IMD International

Learn how to successfully pass on your family business at OWP

Denise Kenyon-Rouvinez gives 6 tips on succession ahead of the family business stream at Orchestrating Winning Performance

June 3, 2015

One of the most common questions related to family businesses is: how can a successful business be passed on to the next generation?

Many owners of family businesses begin planning the succession while the next generation are still very young.

Succession is a long process. It can generate feelings of great anxiety and insecurity for both the older and younger generations, so it is essential that it is well thought-through. In practice, to be comprehensive, an active succession period should last between five and ten years.

Here are the most important things to consider during a succession process:

1] Communication
Family business owners and executives sometimes comment that the younger generation lacks drive. This is often a misinterpretation: the younger family members are usually keen to become involved in the business, but are waiting for a sign from their elders. In the most successful instances of succession, the process is an on-going partnership between the two generations, rather than a one-off transfer of power. Open communication is crucial to this partnership as it enables everyone to express themselves freely, thus creating a solid foundation for trust and transparency.

2] Good planning
In order to avoid family disputes, the family wealth and the executive power within the family business should be distributed fairly, taking competence into consideration, in a process that is fully explained to the younger generation. Good planning, along with sound communication, will help the family understand why certain decisions were made and help all those involved understand and accept the outcome of the distribution.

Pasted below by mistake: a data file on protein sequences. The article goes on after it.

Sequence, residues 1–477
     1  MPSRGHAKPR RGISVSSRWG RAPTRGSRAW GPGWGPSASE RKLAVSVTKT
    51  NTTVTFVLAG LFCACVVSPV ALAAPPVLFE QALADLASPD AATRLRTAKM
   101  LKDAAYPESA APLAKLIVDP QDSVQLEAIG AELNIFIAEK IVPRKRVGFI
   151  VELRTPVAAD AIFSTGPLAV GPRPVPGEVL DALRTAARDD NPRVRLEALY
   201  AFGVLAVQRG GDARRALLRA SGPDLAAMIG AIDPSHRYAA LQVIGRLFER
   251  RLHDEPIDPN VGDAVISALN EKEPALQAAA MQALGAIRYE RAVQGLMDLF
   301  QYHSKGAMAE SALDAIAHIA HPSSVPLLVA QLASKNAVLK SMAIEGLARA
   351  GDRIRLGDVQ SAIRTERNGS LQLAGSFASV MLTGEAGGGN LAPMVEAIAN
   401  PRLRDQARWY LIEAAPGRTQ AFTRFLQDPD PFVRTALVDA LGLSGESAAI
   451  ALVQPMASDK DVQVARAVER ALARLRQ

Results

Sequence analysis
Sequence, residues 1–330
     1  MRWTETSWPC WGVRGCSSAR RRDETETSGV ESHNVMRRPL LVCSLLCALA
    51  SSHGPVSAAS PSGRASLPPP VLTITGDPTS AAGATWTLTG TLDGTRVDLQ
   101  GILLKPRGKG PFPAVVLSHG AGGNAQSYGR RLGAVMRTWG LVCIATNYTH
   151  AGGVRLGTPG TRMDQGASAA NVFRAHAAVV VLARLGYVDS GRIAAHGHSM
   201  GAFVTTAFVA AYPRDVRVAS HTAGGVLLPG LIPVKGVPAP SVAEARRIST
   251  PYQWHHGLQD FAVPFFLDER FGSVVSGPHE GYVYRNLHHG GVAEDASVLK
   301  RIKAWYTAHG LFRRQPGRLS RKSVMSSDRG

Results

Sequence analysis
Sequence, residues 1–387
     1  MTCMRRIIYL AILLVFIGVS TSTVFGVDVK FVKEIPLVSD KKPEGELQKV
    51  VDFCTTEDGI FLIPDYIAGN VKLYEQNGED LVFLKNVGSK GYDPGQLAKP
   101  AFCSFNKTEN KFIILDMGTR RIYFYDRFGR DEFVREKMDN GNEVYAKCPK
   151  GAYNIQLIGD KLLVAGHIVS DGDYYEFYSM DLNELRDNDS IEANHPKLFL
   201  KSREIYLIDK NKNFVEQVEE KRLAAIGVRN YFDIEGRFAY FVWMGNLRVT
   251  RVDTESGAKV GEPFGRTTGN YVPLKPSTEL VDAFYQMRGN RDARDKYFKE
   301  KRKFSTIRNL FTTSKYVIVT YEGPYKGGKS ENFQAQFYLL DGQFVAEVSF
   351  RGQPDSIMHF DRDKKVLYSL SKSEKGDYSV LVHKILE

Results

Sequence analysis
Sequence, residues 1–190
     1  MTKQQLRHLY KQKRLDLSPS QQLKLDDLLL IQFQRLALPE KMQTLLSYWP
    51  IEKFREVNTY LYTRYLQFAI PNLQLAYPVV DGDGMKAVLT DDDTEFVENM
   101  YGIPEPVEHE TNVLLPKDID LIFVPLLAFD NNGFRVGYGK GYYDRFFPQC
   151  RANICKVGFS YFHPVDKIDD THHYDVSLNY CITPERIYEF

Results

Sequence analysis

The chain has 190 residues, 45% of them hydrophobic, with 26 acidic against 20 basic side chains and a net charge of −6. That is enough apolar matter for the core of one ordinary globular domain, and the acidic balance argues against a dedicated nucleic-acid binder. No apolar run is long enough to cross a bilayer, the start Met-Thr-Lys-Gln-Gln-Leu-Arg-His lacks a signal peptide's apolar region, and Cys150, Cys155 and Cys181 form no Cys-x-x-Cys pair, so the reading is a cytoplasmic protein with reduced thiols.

3] A fair process
Inevitably, each family member will interpret decisions on the distribution of the family wealth, and executive influence within the family business, in a different way. What may be fair for some may appear unjust to others. The succession process should therefore incorporate clear and transparent rules, and these ought to be applied to everyone without exception.

4] Family agreement or constitution
A family constitution is a document that sets out the rules for relations between the family and the business. No two constitutions are alike. It is extremely important that the family business stakeholders create sufficient time and consideration to draft this defining document so that it is clear and fair. A fuller understanding and implementation of the rules is achieved when each concerned family member is part of the discussion process that defines the rules and principles.

5] Role of the parents
The parents' roles are to transmit a healthy business, and instil their children with strong values and business acumen. But the hardest part for the outgoing generation is to pass it on. Parents must find the courage and resolve to bequeath the family business to their children and to let go.

6] Role of the incoming generation
It is the responsibility of the incoming generation to show motivation and commitment to the business as well as to the family values. And once they take over the family business, they should dedicate themselves to nurturing and protecting it.

Denise H. Kenyon-Rouvinez is the Wild Group Professor of Family Business at IMD and Director of IMD Global Family Business Center.

She will run the Leading the Family Business stream at IMD's Orchestrating Winning Performance program in Lausanne from June 21-26.



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